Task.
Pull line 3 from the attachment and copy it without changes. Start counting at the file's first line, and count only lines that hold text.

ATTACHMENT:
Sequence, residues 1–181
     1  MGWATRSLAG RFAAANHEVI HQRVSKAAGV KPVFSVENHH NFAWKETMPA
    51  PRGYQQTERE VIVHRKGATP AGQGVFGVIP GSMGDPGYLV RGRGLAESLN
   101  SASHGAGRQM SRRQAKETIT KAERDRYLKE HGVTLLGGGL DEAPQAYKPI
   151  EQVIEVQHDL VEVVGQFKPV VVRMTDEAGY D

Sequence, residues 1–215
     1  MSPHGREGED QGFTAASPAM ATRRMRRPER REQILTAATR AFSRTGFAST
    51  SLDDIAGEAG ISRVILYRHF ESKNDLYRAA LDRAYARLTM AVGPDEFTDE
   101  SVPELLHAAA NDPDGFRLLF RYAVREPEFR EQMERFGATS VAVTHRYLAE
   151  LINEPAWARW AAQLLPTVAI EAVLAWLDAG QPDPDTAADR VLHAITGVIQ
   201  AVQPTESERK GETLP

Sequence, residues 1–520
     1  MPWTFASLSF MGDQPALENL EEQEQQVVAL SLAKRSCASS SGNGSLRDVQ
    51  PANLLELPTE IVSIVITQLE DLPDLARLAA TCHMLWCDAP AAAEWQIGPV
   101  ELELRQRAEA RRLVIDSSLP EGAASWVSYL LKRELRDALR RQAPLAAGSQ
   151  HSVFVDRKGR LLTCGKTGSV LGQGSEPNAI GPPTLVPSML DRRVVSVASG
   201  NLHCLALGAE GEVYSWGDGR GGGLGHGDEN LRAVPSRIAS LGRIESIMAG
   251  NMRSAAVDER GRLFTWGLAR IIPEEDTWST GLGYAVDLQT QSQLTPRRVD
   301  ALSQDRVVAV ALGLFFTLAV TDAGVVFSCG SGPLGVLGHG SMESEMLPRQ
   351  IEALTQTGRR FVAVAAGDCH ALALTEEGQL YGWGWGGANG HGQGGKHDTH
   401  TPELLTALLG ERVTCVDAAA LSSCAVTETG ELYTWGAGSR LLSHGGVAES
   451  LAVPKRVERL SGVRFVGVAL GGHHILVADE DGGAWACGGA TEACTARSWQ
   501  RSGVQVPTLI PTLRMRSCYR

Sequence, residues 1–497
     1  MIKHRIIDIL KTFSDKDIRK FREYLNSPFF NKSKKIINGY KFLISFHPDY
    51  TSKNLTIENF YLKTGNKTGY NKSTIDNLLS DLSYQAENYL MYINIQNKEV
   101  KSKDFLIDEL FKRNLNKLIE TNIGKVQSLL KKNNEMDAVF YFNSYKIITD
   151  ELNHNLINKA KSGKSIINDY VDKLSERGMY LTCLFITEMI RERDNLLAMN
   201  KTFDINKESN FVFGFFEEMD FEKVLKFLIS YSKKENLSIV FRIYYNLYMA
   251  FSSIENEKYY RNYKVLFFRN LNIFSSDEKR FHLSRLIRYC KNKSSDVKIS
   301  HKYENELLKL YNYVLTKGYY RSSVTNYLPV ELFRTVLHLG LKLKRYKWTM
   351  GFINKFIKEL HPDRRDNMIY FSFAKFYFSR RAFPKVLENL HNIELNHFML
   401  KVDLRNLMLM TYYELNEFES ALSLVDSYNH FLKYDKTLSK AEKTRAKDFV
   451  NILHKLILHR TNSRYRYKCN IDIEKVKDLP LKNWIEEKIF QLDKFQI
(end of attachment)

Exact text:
    51  PRGYQQTERE VIVHRKGATP AGQGVFGVIP GSMGDPGYLV RGRGLAESLN